Under the Law, there are approximately six thousand to seven thousand (6,000 – 7, 000) qualifying products free of import duty into the United States.


    The narrative of Kenya’s economy is well explained in both Mr. Muinde and Ms. Were’s story. It’s a narrative of unemployment, and entrepreneurship, a narrative of hope with little help. It is one of disparities. Simply put, it is hard to properly fathom how Kenya, being the largest economy in east and central Africa, has the largest youth unemployment in the same region. To further explain this we seek to break down Kenya’s economy into figures and explain the necessity of AGOA to the Kenyan agripreneure.

    Kenya, a leading developing country in East Africa, has been a significant beneficiary under AGOA and is one of the leading apparel exporters to the US in sub-Saharan Africa.  However, it’s key development challenges still include poverty, inequality, climate change and the vulnerability of the economy to internal and external shocks.

    Real GDP grew an estimated 5.9% in 2018, from 4.9% in 2017, supported by good weather, eased political uncertainties, improved business confidence, and strong private consumption.


    Despite the impressive figures, and as shown in the Muinde and Ms. Were’s narrative, Kenya still hasn’t found a solution to its high youth unemployment rate. For instance, the World Bank notes that in the period 1998-2005, aggregate unemployment fell from 15% to 12.5%, but the share of the youth in unemployment rose from 60% to 72 %. This is double the adult average of 21 percent.

    Other research institutions paint a comparative shocking picture of youth unemployment. Various youth unemployment rates bestride public debate in Kenya. A 2017 study backed by the British government put it at a “staggering” 22% of those aged 15 to 24 in 2016. In a much-reported 2016 survey, two Aga Khan University scholars found the rate among those over 18 but under 35 to be 55%. Some publications have put youth unemployment at 90% of all unemployed Kenyans, while a September 2018 statistical update by the United Nations Development Program placed Kenya’s youth unemployment rate at 26.2% in 2017. This was for those aged 15 to 24.Compared to the rest of East Africa, Kenya stands tall as shown in the figures below. What the table shows, is that the rate of unemployment grows faster that the GDP of the country. The situation, as noted by the World Bank, is very volatile.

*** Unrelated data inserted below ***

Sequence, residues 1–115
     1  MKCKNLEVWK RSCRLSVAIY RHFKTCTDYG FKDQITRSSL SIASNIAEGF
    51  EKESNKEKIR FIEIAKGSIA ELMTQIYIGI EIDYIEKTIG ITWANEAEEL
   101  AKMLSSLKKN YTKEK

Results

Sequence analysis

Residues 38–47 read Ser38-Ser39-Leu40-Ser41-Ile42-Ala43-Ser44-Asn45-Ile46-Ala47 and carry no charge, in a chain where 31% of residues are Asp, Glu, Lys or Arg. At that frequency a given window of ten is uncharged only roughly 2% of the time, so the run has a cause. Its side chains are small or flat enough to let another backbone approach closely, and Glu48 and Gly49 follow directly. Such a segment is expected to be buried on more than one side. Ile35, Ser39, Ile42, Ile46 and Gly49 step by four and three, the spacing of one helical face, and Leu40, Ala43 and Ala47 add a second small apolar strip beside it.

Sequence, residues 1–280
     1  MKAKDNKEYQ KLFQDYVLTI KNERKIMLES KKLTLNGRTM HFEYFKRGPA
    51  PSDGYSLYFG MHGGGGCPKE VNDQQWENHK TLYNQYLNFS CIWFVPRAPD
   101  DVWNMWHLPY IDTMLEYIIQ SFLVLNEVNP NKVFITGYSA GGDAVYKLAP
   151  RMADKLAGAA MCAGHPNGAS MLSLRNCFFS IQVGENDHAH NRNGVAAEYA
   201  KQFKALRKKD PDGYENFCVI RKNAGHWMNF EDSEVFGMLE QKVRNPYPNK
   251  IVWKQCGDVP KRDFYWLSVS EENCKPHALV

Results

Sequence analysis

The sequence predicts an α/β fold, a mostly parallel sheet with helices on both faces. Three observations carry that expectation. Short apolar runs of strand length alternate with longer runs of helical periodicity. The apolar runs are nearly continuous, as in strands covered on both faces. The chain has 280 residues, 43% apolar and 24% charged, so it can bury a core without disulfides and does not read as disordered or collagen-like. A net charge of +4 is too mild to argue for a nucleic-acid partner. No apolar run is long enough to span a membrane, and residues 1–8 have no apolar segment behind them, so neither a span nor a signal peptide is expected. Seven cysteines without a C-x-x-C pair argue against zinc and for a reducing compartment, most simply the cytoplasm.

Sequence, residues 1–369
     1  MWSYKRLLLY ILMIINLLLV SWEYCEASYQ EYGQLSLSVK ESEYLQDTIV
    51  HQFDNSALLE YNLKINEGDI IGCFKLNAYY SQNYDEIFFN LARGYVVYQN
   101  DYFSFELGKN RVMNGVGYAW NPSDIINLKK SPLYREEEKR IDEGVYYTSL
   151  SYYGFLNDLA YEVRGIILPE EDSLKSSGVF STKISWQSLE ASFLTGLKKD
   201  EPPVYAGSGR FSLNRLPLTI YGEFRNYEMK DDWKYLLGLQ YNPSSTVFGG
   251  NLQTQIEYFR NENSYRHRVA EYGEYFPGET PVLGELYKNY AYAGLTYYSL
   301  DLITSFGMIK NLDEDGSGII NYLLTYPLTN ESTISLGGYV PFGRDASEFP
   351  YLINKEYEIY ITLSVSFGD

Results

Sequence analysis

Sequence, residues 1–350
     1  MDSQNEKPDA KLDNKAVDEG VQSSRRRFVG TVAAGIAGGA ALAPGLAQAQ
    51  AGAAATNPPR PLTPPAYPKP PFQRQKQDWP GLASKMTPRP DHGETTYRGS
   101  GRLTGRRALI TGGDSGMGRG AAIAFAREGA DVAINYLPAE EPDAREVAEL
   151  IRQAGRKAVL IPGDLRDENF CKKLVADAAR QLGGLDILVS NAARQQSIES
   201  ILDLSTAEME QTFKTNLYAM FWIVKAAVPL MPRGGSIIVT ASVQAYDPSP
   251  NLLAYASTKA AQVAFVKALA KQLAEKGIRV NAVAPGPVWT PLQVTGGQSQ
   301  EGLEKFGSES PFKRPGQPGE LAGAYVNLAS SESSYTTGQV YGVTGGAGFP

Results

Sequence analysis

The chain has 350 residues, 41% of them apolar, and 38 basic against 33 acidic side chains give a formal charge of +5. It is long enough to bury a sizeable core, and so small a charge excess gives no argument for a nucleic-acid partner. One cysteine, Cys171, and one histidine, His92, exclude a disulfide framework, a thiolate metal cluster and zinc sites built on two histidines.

Comparative change in GDP and Youth Unemployment Rates in Kenya and SSA from 2000 to 2016; the respective numbers for 2000 have been levelled at 100 – based on ILO estimates and World Bank Data (ILO 2016a; World Bank 2017f)

    This very volatile situation has led the rise of agripreneurs in Kenya, however, cartels and corruption is causing a dent on their passion. International trade through instruments such as AGOA could be part of the answer. It provides hope for small and large entrepreneurs to establish new markets and avoid cartels and corrupt activities within the larger Kenyan markets.


    It is not that difficult to export under AGOA. There are generally two major steps one has to take in order to complete the export process.

    Step 1: Register Business

    The exporting entity must be registered. It is a statutory requirement that every business operating in Kenya isregistered and/or fully incorporated. This registration is important for businesses and export-related transactions asit demonstrates the credibility and legality of the entity. To register a business, one can easily visit their lawyer and have the process done within 10 -30 days.

    Step 2: Prepare and Obtain Export Documents

    Documents and authorizations required for export transactions include:

    • Commercial Invoice,
    • Bill of Lading or Airway Bill,
    • Export Packing List,
    • Certificate of Origin (non-textile) or AGOA Textile Visa and Certificate of Origin,
    • Manufacturers Certificate for AGOA visa, and
    • Phytosanitary Certificate (for plants and other products)

    Commercial Invoice

    A commercial invoice is the bill for the products from seller to buyer. The buyer needs the invoice to prove ownership and arrange payment. It may also be used for the transaction ofgoods not intended for further sale, returned products, and goods intended only for temporary import, among others.